RSSBlog

Warren and Haley: Post-Trump Foreign Policies?

| December 2018
Print Friendly, PDF & Email

One of the conclusions of the recently released report Misconnecting with the U.S. Public: Narrative Collapse and U.S. Foreign Policy is the need for U.S. political figures, particularly thinking toward a post-Trump administration, to develop a narrative which acknowledges the recent mistakes that have led to skepticism on the part of the U.S. public towards […]

Read More

Kerch and San Ysidro

| November 2018
Print Friendly, PDF & Email

The events in the Kerch Straits, which connect the Black Sea and the Sea of Azov, and on the U.S.-Mexico border at the San Ysidro crossing, have several things in common despite occurring in different parts of the world and reflecting different sorts of crises (one, an armed clash between Ukrainian and Russian naval vessels, […]

Read More

The Truth is Not Always as It Seems, and What That Means for Reconciliation and Justice

The Truth is Not Always as It Seems, and What That Means for Reconciliation and Justice

| November 2018
Print Friendly, PDF & Email

In this blog post, Caroline Nguyen writes that the difficulty of defining and enforcing the right to truth explains why many scholars and practitioners are skeptical of its efficacy.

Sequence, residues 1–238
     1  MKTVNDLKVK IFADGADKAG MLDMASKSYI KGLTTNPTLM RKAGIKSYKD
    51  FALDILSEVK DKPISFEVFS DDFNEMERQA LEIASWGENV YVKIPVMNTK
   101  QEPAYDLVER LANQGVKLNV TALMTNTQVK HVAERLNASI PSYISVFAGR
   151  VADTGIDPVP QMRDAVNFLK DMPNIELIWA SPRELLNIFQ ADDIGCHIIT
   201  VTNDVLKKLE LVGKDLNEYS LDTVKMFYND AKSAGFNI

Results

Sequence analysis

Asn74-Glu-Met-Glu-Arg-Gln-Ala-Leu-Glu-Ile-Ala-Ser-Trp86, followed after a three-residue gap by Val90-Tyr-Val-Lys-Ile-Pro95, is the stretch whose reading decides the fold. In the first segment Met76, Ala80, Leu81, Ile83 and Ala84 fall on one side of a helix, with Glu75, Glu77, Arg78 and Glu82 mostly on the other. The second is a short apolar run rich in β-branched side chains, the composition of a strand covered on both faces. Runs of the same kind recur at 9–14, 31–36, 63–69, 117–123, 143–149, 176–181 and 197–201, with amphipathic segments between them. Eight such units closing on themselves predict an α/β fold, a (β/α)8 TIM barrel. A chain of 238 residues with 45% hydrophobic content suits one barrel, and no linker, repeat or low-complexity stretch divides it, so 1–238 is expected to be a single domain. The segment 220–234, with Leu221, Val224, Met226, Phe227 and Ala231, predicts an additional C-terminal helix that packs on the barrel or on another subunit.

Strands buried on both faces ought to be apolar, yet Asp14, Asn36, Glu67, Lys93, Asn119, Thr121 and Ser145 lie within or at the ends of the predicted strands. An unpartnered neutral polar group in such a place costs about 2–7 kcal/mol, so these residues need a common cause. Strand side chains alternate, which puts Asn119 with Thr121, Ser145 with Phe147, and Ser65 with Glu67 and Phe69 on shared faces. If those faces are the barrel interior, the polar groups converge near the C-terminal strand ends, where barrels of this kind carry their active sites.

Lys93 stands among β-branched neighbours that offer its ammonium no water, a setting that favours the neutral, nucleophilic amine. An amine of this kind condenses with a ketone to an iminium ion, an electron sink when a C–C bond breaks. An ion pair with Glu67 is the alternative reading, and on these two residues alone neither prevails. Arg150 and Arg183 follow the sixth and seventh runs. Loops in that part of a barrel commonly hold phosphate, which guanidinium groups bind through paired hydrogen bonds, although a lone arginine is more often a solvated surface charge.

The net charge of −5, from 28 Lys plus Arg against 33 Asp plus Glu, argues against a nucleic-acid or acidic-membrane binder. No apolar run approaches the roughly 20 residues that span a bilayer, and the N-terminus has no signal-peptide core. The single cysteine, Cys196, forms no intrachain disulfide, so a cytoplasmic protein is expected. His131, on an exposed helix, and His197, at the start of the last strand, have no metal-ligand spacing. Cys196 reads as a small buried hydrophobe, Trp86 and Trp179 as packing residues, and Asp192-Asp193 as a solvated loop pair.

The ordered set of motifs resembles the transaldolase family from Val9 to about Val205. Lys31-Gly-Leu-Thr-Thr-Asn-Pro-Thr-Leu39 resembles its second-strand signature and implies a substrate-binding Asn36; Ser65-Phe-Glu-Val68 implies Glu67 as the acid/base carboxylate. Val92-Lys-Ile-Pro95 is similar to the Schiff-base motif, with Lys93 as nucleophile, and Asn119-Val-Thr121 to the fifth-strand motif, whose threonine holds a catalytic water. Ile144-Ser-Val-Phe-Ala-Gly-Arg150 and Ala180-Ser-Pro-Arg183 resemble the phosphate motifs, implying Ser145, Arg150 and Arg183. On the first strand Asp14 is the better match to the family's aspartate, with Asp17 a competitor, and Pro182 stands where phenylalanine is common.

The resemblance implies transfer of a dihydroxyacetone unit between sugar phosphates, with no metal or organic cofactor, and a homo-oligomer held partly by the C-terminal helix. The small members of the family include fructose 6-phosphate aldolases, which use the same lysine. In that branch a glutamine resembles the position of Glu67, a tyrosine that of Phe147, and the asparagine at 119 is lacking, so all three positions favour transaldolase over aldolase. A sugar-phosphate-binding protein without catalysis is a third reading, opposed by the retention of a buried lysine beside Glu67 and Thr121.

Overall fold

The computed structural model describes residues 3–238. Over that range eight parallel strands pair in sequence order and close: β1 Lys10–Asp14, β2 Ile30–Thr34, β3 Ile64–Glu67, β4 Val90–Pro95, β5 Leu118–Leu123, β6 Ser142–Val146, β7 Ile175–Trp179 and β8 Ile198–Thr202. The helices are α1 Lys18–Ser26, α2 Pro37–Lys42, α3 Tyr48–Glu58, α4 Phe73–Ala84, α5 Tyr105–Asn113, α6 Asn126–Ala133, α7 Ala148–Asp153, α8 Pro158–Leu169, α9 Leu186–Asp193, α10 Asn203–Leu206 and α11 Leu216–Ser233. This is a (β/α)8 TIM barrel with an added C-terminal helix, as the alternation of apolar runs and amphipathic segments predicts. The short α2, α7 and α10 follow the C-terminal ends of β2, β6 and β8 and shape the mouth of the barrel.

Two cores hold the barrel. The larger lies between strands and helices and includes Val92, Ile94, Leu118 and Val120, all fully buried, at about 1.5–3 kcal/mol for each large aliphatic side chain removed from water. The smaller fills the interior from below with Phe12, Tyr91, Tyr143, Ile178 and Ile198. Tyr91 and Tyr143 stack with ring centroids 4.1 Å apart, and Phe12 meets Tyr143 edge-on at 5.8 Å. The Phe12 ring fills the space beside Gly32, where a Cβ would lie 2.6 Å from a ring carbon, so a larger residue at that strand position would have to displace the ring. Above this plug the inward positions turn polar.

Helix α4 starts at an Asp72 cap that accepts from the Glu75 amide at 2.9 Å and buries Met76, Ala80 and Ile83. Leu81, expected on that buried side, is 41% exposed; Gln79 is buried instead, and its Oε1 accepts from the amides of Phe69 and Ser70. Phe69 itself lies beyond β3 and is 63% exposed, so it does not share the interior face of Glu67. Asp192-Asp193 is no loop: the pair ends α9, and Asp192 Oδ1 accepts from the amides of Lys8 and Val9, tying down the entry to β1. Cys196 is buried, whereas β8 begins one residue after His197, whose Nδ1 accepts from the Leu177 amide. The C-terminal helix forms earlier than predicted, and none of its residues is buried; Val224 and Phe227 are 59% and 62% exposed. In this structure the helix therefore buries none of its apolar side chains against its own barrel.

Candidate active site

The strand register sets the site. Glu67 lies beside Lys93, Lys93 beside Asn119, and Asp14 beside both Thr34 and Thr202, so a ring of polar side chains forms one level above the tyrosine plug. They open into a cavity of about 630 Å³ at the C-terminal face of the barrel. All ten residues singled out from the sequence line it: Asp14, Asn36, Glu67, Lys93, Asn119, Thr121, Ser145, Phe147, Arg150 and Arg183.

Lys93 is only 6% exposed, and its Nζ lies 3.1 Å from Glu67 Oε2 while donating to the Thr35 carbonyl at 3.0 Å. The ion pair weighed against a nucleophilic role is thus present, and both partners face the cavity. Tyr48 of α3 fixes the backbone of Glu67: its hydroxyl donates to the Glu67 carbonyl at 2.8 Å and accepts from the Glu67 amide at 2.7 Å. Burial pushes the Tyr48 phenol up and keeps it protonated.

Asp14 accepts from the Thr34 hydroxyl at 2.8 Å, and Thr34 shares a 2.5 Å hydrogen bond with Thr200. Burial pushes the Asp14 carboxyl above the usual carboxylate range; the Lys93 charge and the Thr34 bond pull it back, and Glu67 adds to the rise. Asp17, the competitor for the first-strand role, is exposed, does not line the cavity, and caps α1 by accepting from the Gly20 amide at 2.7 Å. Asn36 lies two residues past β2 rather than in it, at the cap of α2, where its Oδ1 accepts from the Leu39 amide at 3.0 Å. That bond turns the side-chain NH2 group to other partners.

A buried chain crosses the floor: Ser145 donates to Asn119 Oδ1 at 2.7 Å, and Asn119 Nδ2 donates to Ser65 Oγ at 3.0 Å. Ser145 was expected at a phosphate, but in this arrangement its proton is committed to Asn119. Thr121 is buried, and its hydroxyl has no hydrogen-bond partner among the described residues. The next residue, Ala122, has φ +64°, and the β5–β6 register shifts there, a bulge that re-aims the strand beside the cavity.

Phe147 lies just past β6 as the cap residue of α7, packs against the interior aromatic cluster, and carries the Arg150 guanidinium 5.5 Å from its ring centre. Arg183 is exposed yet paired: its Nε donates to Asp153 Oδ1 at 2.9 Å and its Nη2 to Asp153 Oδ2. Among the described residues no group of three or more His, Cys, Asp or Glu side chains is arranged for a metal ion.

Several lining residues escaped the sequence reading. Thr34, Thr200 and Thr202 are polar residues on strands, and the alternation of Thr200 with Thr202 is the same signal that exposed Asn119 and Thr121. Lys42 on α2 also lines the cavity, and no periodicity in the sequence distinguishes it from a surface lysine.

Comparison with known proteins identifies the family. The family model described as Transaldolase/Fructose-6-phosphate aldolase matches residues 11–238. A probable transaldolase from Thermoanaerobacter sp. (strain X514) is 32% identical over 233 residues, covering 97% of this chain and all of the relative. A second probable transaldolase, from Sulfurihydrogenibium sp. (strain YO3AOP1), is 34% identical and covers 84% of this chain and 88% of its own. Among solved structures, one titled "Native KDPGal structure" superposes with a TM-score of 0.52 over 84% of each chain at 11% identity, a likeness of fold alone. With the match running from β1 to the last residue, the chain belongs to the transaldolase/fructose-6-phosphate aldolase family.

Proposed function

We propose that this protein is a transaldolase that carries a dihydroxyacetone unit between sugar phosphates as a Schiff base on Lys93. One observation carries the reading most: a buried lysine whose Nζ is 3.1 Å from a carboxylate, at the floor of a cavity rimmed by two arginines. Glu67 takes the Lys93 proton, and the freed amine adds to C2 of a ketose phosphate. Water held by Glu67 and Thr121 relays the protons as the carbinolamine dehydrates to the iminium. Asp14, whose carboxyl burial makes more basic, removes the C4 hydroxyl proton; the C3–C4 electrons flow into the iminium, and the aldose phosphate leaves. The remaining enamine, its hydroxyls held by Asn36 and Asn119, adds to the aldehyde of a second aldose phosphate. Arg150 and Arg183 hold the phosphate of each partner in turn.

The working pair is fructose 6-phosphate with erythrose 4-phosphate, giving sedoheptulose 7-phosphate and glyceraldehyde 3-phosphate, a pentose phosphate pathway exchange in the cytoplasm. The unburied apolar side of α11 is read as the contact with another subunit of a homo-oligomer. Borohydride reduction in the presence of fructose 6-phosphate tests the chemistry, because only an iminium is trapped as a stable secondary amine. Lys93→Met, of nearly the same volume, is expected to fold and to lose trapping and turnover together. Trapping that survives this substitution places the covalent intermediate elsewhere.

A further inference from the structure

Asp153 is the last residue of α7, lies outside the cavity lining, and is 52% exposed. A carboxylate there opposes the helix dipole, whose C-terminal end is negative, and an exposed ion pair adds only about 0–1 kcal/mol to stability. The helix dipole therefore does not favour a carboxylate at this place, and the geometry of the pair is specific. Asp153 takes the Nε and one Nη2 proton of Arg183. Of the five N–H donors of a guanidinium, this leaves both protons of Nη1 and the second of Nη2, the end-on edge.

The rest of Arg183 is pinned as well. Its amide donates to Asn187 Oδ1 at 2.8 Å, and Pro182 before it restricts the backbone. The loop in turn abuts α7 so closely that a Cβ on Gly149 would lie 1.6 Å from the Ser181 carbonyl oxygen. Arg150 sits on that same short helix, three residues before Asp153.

Read More

Truth, Justice, and Power: Why Victimization Continues After Conflict

Truth, Justice, and Power: Why Victimization Continues After Conflict

| November 2018
Print Friendly, PDF & Email

The cases of South Korea, Spain, and the Gambia show how political institutions can marginalize survivors in the aftermath of conflict.

Read More

Sanders’ “Selective Engagement” versus Transactional Internationalism

| October 2018
Print Friendly, PDF & Email

Donald Trump and Bernie Sanders each offer a different alternative to the traditional “bipartisan consensus” in U.S. foreign policy.

Read More

The Importance of Memory: Unreliable, Precarious, and Crucial to Reconciliation

The Importance of Memory: Unreliable, Precarious, and Crucial to Reconciliation

| October 2018
Print Friendly, PDF & Email

Several recent cases involving the Gambia, Japan and Korea, and Spain highlight the tenuous relationship between memory, history, and state-building.

Read More

The Ethics of the “Doorstep”

| September 2018
Print Friendly, PDF & Email

Asha Castleberry raised a great point in her discussion with Ali Wyne (the panel on “Making Foreign Policy Relevant Again“) at the Carnegie Council: connecting the broad swath of national security matters to the “doorstep” (a formulation that participant Simran Maker amplified) of the American voter. In other words, the “doorstep test” requires the policymaker […]

Read More